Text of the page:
Back in 2019, an affinity group of young PROTEC17 members formed in King County to tackle the issue of engaging and educating younger members, and bringing awareness to the many ways to participate in our union. That group called themselves the ‘Young Members of PROTEC17’ or YMP for short. 

The YMP served as a bridge, connecting the experiences of King County’s younger demographic to the Labor landscape. With the workforce undergoing demographic changes, and with union leadership positions largely held by more tenured members, this group provided a space for young members to share insights, discuss challenges, and collectively shape the future of the King County Chapter of PROTEC17.

One of the primary goals of the YMP is to amplify the voices of young union members in advocating for their needs and unique issues, such as addressing the growing number of term-limited temporary (TLT) employment and the challenges of being in that role, as well as promoting diversity within union Stewardship at the County. 

Beyond advocacy, the YMP members also got trained as Stewards and participated in contract negotiations as part of the bargaining team. This influx of new leaders helped bridge the gap between tenured union members and those who are just starting their careers. As colleagues saw their peers represented in these union leadership roles, it created a solid support system for young workers as they navigate the complexities of the County.

“For most young members at King County, their current job may be their first ever job and it is often their first time being in a union,” said Kelsey Hopkins, an Engineer II and YMP member at King County.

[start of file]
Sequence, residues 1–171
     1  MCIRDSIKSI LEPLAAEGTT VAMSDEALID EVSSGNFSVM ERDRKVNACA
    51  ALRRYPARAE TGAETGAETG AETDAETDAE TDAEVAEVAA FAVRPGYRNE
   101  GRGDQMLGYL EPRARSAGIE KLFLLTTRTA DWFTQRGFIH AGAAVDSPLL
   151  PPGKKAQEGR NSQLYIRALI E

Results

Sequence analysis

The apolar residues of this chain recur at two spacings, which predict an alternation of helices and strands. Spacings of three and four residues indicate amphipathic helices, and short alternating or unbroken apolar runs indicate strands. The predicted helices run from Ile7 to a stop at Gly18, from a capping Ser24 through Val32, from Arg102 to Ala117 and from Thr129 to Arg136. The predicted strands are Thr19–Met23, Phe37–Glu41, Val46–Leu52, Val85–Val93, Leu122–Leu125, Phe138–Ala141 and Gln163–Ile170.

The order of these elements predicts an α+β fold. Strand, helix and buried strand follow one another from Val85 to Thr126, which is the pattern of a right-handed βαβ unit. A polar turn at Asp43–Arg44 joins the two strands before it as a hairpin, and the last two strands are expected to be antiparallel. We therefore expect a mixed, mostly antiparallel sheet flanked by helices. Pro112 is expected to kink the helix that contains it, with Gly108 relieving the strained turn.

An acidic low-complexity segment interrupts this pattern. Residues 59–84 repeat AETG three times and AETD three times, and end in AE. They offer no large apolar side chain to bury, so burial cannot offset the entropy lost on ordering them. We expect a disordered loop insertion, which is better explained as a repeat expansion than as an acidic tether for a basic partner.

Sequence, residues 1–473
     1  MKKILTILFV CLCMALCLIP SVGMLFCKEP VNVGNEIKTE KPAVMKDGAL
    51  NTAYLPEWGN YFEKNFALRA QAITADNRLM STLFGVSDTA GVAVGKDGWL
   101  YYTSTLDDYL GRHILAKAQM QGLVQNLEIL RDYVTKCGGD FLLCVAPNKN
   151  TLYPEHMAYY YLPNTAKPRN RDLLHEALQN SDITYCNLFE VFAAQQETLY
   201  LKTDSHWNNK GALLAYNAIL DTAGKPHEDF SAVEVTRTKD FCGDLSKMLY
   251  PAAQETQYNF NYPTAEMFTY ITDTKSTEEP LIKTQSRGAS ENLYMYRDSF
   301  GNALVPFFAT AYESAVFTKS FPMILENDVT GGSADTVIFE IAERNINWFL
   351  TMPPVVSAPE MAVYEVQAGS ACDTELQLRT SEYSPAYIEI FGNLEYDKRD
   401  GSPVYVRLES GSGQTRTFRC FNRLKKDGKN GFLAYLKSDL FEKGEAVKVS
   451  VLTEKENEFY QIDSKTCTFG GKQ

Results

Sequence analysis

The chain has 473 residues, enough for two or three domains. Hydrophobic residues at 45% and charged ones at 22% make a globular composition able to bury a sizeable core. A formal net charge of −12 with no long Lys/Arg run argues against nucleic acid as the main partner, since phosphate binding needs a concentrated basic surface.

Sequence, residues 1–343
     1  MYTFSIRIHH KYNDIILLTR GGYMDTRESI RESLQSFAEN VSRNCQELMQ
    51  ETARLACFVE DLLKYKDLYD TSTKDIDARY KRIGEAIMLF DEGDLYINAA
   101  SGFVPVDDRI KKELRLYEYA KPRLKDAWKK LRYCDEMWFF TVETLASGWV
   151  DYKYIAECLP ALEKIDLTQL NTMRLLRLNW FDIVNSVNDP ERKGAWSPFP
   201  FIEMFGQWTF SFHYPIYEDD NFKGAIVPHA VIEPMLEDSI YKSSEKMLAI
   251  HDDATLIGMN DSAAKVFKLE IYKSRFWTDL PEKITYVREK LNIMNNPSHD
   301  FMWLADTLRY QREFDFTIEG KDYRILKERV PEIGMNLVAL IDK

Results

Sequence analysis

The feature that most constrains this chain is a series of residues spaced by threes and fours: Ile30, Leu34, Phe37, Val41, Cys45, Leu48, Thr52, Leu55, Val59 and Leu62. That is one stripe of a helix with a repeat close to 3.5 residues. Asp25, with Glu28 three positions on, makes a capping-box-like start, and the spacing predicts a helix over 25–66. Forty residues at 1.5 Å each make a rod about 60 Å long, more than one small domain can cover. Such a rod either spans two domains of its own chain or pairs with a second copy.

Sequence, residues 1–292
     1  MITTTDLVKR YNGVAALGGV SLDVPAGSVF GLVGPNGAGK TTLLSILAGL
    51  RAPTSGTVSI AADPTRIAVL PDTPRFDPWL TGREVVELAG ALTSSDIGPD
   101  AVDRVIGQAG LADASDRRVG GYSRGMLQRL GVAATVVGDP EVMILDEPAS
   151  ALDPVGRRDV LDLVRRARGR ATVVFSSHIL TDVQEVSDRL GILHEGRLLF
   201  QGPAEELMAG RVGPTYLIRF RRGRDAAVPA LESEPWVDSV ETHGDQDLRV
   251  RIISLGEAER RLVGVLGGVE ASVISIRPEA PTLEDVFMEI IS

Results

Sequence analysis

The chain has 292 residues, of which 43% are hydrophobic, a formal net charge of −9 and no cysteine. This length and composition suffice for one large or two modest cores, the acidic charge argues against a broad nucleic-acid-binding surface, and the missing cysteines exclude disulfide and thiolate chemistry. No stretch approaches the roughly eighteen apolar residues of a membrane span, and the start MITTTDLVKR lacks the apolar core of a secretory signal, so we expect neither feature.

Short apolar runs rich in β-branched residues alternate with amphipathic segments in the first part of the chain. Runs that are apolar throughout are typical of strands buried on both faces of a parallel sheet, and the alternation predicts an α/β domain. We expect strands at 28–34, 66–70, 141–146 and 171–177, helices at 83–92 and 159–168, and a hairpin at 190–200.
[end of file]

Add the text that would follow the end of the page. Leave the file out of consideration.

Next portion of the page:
“A group specific to young members allows them to learn and engage without being expected to be an expert or have all of the answers with folks who all have the same level of experience. It is also important because it helps younger members gain tools and confidence that can help them get involved further.”

Perhaps the most significant impact of the YMP is the sense of community and camaraderie that it has cultivated among young union members. Through regular meetings, events, and a virtual online ballot party, the group has become a hub for support and friendship. This sense of community has not only strengthened the bond among young members but also has contributed to the overall unity of the King County Chapter.

After a short hiatus during the pandemic, the core members of the YMP – including Jessie Hardy, Hopkins, Christina Olivares, and Lucas Smith (pictured above and on the cover) – recently came together to strategize about how to revitalize the group and what a new iteration of the YMP would look like, especially in a contract negotiations year. 

They will be convening a meeting in the new year to introduce themselves and to educate members who have been hired in the last year about PROTEC17. Check our events page at to find the date and time, or contact King County Union Representative Alex Il for more information at or 206-328-7321 ext. 118.